Let us be clear from the start: Saturday's performance of The Dream of Gerontius could only be described as amateur in the sense that, in common with the premiere at the Birmingham Festival of 1900 and countless subsequent performances, the chorus was unpaid. I doubt that there would have been many present on Saturday who would not have been deeply impressed by the professionalism and commitment with which the event was marked.
Elgar's decision to set Cardinal Newman's poetic contemplation of the experiences of a dying man and of his soul's journey towards ultimate judgement was a bold one, and in the hands of a lesser talent, the result could have been disastrous. Writing in the 1930's, Basil Maine expressed the opinion that 'the average present-day reader looks upon (Newman's) poem either as a mainly incomprehensible exposition of dogma or else as a Jesuitical attempt to make him swallow a theological pill hidden in the jam of a human story'. He went on, however, to suggest that '...nothing need be incomprehensible, for although the composer wrote the work as a Roman Catholic, the idea of religious propaganda was entirely absent from his mind'. And there, surely, we have it in a nutshell, for it is Elgar, far more than Newman, who gave the narrative such a universal fascination.
The joint Congleton and Salford choirs have the advantage both of being directed by Christopher Cromar, the conductor of Saturday's performance. In consequence they sang as one choir. Diction was remarkably clear, intonation reliable and tone quality very focused. Ensemble was always (or very nearly always) excellent, and phrasing was clear and purposeful. What was really impressive, however, was the sheer involvement and responsiveness. The Demons' Chorus, which can so easily sound tame, had plenty of fire and venom, bringing to mind Barbirolli's characteristic reminder to the gentlemen of the chorus during a Sheffield rehearsal - 'You're not bank clerks on a Sunday outing, you're souls sizzling in hell!'
Elgar's musical language in Gerontius is complex, but not daunting, given the guidance of a sympathetic conductor, and of course, its apparent Englishness is borne of a multitude of mainly European influences such as Wagnerian leitmotive (themes representing 'Judgement', 'Fear', 'Despair' and 'Commital' etc.) and arioso, as well as the Richard Strauss of Death and Transfiguration. There are some rasping brass chords worthy of Sibelius, and a few orchestral punctuations in the Demons' Chorus that suggest Tchaikovsky, while the Angel of the Agony is introduced by a sighing idea on the strings which looks back to the last movement of Bruckner's 9th symphony, and through it forward to the first movement of Mahler's 10th.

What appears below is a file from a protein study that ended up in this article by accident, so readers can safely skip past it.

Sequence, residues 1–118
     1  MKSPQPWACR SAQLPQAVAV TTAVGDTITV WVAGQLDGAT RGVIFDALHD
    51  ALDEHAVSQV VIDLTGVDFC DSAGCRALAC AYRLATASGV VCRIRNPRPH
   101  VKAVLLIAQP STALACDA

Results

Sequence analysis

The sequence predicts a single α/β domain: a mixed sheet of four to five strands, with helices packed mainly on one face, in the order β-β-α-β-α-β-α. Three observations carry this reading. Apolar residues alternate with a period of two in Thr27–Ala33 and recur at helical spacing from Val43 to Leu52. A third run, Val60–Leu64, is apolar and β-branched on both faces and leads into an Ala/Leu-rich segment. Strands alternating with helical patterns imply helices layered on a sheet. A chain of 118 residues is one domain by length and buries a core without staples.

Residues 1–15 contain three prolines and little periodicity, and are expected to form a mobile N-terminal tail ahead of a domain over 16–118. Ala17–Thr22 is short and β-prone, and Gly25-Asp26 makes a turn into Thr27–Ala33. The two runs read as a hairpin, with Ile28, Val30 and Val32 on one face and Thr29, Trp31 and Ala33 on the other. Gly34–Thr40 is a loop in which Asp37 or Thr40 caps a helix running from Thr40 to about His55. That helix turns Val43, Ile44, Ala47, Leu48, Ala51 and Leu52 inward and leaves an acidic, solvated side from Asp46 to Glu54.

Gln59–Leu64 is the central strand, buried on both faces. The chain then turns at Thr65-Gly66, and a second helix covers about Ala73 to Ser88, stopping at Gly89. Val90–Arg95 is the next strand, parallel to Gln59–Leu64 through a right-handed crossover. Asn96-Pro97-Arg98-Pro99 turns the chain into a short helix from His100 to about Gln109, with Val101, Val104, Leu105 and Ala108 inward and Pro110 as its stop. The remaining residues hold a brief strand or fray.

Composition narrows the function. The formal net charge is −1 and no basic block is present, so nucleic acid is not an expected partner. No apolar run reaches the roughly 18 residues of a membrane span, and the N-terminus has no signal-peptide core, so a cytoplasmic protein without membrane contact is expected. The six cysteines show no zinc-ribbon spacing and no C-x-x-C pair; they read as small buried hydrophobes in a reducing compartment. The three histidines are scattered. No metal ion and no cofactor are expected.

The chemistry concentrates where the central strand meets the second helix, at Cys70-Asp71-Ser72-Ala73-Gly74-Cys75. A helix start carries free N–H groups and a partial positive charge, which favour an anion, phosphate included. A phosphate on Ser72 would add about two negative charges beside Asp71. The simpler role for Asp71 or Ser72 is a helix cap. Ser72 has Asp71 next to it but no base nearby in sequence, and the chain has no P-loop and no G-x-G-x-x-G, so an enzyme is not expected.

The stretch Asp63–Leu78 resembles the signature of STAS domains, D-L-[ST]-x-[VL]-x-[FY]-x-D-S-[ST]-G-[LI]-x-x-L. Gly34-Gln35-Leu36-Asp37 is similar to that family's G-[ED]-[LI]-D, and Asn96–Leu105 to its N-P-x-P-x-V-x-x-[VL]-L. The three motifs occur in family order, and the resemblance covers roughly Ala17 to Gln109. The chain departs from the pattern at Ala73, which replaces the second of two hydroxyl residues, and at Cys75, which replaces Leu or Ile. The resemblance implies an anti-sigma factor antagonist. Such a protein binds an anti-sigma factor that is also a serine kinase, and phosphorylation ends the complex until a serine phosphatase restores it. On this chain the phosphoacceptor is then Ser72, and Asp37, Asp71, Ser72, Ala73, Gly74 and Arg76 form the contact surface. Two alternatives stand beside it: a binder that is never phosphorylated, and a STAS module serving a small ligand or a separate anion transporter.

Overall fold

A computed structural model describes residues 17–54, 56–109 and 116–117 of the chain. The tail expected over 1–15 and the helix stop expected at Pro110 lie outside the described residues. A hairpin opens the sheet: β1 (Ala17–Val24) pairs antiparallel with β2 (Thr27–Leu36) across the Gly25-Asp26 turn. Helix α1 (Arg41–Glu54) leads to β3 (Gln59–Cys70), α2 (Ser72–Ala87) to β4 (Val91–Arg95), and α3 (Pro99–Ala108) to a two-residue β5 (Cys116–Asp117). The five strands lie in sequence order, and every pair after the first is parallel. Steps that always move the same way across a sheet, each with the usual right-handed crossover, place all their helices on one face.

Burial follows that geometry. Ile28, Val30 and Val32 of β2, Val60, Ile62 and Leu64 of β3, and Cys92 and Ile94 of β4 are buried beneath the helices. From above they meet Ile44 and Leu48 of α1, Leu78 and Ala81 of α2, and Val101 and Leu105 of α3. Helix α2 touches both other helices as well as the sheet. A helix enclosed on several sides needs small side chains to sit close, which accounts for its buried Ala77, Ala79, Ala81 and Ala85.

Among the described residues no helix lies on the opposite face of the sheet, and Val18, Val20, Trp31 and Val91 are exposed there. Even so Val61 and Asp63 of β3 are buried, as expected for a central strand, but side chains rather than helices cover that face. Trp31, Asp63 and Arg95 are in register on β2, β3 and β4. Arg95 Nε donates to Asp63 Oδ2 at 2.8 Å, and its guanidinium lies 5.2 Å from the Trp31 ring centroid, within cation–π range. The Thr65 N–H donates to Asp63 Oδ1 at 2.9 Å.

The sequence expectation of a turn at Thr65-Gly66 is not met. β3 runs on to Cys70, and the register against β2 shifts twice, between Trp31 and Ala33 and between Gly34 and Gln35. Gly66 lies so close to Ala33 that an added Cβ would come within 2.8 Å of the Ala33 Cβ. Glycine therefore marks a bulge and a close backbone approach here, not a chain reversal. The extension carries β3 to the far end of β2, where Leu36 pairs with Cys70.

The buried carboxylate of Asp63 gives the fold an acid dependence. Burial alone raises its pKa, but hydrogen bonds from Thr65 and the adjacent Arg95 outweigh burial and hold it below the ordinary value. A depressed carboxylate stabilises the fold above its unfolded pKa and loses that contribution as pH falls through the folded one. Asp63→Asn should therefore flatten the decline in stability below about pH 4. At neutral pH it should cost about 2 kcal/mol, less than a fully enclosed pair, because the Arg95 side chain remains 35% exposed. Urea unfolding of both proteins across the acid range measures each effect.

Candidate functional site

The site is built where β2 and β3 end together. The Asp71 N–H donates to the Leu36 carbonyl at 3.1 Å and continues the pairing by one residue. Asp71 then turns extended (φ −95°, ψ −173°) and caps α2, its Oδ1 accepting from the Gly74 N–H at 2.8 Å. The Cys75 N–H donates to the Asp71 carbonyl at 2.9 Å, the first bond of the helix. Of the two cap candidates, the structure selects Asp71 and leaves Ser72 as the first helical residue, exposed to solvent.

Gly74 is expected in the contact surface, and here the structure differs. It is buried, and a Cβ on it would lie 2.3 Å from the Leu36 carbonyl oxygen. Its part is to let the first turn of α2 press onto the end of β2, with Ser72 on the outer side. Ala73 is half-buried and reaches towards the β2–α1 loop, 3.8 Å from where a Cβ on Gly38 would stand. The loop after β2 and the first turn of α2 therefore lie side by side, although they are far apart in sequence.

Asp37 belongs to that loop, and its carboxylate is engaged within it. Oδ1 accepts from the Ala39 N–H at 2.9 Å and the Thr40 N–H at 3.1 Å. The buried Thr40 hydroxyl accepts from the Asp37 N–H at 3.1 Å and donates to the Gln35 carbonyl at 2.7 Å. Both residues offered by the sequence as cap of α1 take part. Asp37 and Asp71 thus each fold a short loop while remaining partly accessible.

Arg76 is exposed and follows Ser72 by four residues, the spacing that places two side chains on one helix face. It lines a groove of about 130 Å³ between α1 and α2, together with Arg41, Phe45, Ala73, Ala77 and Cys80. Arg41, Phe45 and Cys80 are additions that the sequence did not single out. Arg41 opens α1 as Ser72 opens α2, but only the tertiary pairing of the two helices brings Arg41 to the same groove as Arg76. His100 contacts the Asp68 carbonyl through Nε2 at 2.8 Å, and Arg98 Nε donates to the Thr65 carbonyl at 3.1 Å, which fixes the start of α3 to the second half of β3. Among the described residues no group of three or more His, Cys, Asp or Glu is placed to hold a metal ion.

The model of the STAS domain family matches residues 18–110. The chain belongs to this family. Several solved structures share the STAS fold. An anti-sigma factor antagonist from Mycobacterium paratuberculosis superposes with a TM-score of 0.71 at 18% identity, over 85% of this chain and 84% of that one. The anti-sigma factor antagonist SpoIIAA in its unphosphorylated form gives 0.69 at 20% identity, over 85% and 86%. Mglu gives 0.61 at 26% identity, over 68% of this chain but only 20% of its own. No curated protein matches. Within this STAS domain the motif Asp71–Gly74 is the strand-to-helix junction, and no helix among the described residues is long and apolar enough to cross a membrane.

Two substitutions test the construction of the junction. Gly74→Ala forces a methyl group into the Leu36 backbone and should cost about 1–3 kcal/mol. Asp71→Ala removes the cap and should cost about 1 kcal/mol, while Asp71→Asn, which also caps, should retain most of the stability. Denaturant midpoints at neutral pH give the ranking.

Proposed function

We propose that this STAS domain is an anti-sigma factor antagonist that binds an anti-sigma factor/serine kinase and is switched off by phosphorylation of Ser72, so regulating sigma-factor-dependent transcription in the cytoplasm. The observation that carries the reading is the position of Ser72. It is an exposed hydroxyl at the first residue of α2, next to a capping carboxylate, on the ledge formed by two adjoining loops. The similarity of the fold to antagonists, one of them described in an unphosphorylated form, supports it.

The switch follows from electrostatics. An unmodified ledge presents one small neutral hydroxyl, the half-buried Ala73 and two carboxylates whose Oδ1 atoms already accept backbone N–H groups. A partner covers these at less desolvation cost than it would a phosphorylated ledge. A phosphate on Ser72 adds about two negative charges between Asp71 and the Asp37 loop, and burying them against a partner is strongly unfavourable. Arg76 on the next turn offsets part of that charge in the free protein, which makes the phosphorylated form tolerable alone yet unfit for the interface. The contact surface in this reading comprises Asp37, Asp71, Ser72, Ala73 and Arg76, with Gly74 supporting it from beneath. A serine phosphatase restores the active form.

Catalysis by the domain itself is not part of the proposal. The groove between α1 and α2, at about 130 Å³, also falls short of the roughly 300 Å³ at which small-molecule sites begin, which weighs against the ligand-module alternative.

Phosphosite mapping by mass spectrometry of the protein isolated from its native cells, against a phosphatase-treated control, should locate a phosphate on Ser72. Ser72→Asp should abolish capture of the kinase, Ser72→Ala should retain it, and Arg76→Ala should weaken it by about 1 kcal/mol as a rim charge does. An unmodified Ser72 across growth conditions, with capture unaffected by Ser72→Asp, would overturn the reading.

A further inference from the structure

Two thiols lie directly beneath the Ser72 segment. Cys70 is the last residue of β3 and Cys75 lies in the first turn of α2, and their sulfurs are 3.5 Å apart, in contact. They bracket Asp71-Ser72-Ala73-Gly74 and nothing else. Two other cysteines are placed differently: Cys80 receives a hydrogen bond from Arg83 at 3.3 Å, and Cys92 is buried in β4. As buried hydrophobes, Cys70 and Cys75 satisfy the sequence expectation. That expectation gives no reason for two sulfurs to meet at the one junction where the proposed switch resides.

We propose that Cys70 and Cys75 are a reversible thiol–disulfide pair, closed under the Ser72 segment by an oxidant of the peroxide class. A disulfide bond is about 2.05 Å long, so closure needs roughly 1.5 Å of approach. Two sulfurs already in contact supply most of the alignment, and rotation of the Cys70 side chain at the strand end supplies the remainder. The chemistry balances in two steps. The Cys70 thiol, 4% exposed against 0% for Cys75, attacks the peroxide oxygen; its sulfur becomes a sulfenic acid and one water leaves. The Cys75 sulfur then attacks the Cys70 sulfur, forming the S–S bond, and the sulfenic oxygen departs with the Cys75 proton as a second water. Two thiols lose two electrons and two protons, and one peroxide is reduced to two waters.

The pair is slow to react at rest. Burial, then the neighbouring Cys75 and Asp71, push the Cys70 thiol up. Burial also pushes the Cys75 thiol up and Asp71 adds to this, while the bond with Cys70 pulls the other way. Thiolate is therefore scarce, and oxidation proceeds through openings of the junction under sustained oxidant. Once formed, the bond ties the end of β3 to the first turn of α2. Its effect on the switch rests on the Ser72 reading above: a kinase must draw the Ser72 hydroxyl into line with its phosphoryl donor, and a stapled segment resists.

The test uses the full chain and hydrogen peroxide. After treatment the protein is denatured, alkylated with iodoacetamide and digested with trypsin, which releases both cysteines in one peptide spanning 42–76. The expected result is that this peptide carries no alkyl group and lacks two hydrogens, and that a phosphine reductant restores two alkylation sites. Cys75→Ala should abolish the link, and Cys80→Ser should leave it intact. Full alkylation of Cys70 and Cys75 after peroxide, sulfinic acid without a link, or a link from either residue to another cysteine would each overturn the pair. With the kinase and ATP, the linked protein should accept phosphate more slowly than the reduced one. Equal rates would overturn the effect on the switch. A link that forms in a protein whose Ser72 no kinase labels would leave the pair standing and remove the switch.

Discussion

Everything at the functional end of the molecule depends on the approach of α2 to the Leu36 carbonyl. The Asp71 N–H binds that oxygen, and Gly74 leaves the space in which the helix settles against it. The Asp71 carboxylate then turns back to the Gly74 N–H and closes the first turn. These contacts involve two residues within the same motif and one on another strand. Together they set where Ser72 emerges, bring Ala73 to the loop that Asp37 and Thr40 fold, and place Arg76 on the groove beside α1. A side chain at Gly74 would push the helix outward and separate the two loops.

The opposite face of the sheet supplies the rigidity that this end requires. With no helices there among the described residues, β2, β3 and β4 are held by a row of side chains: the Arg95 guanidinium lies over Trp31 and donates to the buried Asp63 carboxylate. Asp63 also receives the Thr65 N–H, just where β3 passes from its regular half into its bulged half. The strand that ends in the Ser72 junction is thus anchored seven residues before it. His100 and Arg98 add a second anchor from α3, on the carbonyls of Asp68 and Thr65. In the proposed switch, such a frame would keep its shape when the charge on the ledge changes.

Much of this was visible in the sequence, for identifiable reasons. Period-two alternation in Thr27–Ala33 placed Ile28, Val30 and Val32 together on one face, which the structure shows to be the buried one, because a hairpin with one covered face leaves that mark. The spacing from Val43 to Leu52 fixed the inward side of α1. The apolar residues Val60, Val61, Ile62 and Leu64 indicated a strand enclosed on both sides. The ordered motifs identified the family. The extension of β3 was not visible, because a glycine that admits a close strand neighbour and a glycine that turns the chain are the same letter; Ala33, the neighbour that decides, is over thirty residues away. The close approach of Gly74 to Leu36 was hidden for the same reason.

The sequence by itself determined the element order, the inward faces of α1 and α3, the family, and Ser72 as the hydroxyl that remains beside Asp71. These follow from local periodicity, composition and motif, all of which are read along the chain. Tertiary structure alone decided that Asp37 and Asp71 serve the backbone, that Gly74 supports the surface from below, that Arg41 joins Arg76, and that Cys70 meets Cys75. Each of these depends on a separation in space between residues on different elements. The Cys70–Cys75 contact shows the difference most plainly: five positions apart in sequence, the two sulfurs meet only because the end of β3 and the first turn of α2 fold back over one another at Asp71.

There is insufficient space here to explain adequately just why the performance of this masterpiece was so satisfying. The role played by Christopher Cromar cannot be underestimated, however. Aided by his superb orchestra he displayed a deep understanding of style and pacing, knowing exactly how to approach the big moments in a way that showed an instinctive feel for the split-second timing that can transcend the merely good, the chorus's glorious outburst of 'Praise to the holiest' perhaps being the most obvious of countless examples.
In the context of the above, the soloists' contributions can finally be assessed. The role of Gerontious is perhaps unique in that the protagonist's suffering, hopes and frailties are laid bare in the wonderful orchestral prelude before he has sung a single note, so that in a way his task is not so much to announce himself as to add a new dimension to what has already been revealed. Christopher Bowen managed this with unwavering concentration, succeeding in riveting the audience's attention throughout the work. His vocal control was impressive, and he clearly understood the importance of his role in defining the structure of the work and in creating a convincing sense of forward progression. John Powell, who undertook the roles of the Priest and the Angel of the Agony at short notice, sang with a restrained dignity that was wholly appropriate, while Jessica Gillingwater undertook the wonderful role of the Angel with deep understanding, caressing the text of her final 'Softly and gently' in a manner guaranteed to touch the heart of all but the most hard-hearted.
All in all this was a performance that stood on its own merits, not demanding comparison with Boult, Barbirolli or anyone else! Who was it who once described England as 'the land without music'?!!!